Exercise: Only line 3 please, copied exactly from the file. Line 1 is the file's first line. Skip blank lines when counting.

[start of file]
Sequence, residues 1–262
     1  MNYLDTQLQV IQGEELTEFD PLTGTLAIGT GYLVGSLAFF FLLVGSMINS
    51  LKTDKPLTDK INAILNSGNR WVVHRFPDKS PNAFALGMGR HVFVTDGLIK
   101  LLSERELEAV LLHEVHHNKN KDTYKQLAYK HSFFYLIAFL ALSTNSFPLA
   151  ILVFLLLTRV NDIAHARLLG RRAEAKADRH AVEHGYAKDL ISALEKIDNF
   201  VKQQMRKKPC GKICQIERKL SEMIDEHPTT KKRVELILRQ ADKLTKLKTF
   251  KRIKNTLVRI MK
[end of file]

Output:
    51  LKTDKPLTDK INAILNSGNR WVVHRFPDKS PNAFALGMGR HVFVTDGLIK